How many definitions can your students take?
Defining words in simple, plain English is not as easy as one might think. All teachers are aware that knowing what a word means and conveying it clearly to students, especially lower-level ones, are two very different things! This topic came up recently when I was editing ESL Library’s new lesson on Ordering Fast Food. Tara, our head writer, was wondering how best to define “take a beverage” (when you want cream and sugar in your coffee, for example). We went back and forth on a few possible definitions before finally agreeing on something (see the end of this post for our decision), and I was reminded of the times I would flounder over defining a term in class. What can you do when a student asks you for a definition and it just won’t come to you?
Let students take matters into their own hands.
With references available in class, whether it be classroom dictionaries or mobile devices, students can take an active role in answering their own questions. These suggestions are useful anytime a student has a vocabulary question (and not only when you’re stumped!).
- In-class English–English dictionaries: Have students bring their own or provide some for the class to share. Note that dictionaries in their native language should be a last resort (to be used only after they’ve tried to understand the word through an English–English dictionary and your explanation). However, very low-level students may need a dictionary in their native language because they don’t have the vocabulary to understand the definition in an English–English dictionary. But first, try drawing a picture or using gestures to explain the meaning.
- Mobile devices: There are plenty of English-English dictionaries online (MacMillan and Merriam-Webster have good ones for students). There are also a lot of dictionary apps, but try your best to ensure students use English–English apps so that they’re not always translating to and from their native language. Students can also google the word in question—often the images that come up will be enough for them to understand the meaning.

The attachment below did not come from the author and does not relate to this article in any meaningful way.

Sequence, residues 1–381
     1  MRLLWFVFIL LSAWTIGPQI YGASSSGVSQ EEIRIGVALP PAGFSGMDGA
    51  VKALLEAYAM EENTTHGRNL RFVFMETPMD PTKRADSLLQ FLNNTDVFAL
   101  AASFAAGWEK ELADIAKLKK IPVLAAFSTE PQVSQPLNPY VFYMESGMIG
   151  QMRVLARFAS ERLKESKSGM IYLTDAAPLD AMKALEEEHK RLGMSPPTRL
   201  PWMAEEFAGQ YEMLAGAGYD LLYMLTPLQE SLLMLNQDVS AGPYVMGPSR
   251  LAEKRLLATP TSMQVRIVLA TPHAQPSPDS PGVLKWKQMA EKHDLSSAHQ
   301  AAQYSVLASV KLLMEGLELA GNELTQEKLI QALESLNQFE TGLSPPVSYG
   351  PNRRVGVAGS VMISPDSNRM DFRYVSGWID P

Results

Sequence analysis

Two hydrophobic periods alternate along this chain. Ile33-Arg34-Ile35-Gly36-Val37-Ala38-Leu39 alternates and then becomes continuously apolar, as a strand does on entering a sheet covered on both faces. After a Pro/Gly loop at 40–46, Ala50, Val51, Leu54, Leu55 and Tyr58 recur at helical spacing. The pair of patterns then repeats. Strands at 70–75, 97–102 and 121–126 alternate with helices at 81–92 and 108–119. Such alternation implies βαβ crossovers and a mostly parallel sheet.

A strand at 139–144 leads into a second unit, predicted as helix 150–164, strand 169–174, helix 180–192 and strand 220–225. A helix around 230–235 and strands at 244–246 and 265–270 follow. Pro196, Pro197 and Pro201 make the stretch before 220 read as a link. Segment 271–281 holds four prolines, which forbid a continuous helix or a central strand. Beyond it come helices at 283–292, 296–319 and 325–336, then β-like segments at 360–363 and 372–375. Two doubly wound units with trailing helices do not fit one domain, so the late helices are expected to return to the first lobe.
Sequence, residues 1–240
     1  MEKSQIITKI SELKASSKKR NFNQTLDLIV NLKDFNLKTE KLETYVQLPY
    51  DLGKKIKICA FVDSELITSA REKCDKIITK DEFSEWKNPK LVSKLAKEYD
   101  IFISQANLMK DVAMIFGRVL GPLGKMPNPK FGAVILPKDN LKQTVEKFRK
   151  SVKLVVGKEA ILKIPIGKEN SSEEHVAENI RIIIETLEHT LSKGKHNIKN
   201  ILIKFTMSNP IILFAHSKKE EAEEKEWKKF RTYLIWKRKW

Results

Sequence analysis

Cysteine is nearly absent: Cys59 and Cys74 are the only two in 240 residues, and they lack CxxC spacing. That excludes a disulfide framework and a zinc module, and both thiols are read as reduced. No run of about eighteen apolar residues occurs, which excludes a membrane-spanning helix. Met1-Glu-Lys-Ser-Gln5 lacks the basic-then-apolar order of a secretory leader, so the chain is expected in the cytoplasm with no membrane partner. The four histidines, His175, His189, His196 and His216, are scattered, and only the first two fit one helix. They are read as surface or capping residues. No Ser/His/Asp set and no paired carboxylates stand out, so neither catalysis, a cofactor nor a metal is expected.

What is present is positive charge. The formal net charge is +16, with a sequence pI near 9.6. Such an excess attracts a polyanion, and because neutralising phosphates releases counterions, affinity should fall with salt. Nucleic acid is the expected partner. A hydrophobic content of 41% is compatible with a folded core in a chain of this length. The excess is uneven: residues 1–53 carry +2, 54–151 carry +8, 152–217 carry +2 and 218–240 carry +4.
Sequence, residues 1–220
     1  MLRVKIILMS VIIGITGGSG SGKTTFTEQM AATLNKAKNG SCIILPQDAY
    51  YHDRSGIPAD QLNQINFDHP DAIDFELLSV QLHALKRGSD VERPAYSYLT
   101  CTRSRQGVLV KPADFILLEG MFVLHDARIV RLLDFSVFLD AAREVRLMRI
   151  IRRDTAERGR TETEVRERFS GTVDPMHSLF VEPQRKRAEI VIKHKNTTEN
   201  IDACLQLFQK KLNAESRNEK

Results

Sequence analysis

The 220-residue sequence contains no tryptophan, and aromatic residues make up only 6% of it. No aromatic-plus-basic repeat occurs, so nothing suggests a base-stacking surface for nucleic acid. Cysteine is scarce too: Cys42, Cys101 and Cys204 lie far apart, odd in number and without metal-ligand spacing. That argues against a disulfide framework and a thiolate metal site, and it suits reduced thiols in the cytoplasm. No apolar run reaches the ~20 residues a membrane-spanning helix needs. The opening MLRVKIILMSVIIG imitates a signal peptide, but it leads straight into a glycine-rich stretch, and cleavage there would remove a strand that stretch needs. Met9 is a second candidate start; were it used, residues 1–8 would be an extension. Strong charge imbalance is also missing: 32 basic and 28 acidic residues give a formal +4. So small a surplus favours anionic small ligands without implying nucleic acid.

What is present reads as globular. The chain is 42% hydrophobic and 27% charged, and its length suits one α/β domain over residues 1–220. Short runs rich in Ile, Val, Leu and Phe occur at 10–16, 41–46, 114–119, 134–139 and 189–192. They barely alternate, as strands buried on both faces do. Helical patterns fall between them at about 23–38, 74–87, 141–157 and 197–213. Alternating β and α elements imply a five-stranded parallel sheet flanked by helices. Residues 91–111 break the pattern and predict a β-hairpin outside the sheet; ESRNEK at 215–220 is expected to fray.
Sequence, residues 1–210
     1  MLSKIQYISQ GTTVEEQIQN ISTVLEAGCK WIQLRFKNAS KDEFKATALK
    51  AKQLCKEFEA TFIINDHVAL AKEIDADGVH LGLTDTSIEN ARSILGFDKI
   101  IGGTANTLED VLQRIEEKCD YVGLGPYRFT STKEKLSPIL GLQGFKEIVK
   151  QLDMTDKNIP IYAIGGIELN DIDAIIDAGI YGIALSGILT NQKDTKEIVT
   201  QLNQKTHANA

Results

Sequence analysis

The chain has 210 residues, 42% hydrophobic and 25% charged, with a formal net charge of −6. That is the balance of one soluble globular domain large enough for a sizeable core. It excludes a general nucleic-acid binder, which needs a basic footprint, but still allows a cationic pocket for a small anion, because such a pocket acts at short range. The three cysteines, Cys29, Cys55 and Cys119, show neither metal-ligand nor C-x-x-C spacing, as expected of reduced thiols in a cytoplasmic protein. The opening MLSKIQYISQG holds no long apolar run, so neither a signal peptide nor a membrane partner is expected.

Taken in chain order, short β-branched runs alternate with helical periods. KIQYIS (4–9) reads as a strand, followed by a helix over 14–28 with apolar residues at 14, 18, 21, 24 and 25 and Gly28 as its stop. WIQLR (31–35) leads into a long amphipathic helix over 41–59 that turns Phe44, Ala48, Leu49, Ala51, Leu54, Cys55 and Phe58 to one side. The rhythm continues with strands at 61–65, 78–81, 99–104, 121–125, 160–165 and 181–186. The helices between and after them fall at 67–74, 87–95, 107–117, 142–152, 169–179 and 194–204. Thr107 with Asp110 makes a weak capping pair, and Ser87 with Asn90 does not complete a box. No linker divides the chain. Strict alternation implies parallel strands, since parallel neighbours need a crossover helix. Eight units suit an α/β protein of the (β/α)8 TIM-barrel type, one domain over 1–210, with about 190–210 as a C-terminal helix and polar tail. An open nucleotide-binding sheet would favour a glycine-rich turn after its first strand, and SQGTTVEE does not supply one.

- Asking a classmate: Another student can often explain the definition clearly because they naturally use simple vocabulary, and they usually understand their classmate’s confusion. Plus, it’s good practice for them—teaching is a great way to truly learn something!
But what happens when a student wants an answer from you?
What do you do when a student asks you to define a word and you just can’t think of how to explain it or you don’t actually know the word in question? This happens to all of us at some point. If the suggestions above don’t work (or aren’t feasible due to time constraints or other reasons), try doing one or more of the following:
- Look it up in an in-class dictionary or on your mobile device: Say something like “I’m not sure how to best explain that word. Let me just look it up for you.” You can then put the definition into simpler terms.
- Buy yourself some time: Say something like “That’s a great question. Let me think about it tonight and get back to you tomorrow.” Or “We’ll discuss it tomorrow when there’s more time.” Then ask a coworker or look it up at your leisure.
- Admit you’re stumped: Teachers are only human! My students thought it was great fun to see me stumped from time to time—they were very proud when they were the ones who stumped me! Say something like “That’s a tough question! I’ll need to look that up. Good one!” After all, if you’re unfamiliar with the word in question, chances are it’s not very common.
So how did we define “take a beverage” in our Ordering Fast Food lesson? We decided on this definition: “to choose to add milk, cream, sugar, etc.” What do you think—is it clear for students?
Cream and sugar for me, please!
(Image courtesy of Dan Hancock via Flickr)